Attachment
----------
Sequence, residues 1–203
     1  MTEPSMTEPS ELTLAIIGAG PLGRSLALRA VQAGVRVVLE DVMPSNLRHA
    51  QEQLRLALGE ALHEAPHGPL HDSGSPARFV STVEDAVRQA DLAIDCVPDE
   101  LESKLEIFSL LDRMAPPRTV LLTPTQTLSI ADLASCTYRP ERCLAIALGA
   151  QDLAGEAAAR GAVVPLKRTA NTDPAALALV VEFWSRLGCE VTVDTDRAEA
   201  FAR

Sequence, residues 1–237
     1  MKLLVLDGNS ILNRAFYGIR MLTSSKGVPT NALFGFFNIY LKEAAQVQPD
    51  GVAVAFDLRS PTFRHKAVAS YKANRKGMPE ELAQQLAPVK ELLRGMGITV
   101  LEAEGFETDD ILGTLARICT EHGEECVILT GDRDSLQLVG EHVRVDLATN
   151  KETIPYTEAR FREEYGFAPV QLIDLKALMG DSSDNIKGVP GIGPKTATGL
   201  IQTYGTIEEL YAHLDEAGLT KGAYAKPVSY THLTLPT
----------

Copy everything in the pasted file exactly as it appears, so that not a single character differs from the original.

Sequence, residues 1–203
     1  MTEPSMTEPS ELTLAIIGAG PLGRSLALRA VQAGVRVVLE DVMPSNLRHA
    51  QEQLRLALGE ALHEAPHGPL HDSGSPARFV STVEDAVRQA DLAIDCVPDE
   101  LESKLEIFSL LDRMAPPRTV LLTPTQTLSI ADLASCTYRP ERCLAIALGA
   151  QDLAGEAAAR GAVVPLKRTA NTDPAALALV VEFWSRLGCE VTVDTDRAEA
   201  FAR

Sequence, residues 1–237
     1  MKLLVLDGNS ILNRAFYGIR MLTSSKGVPT NALFGFFNIY LKEAAQVQPD
    51  GVAVAFDLRS PTFRHKAVAS YKANRKGMPE ELAQQLAPVK ELLRGMGITV
   101  LEAEGFETDD ILGTLARICT EHGEECVILT GDRDSLQLVG EHVRVDLATN
   151  KETIPYTEAR FREEYGFAPV QLIDLKALMG DSSDNIKGVP GIGPKTATGL
   201  IQTYGTIEEL YAHLDEAGLT KGAYAKPVSY THLTLPT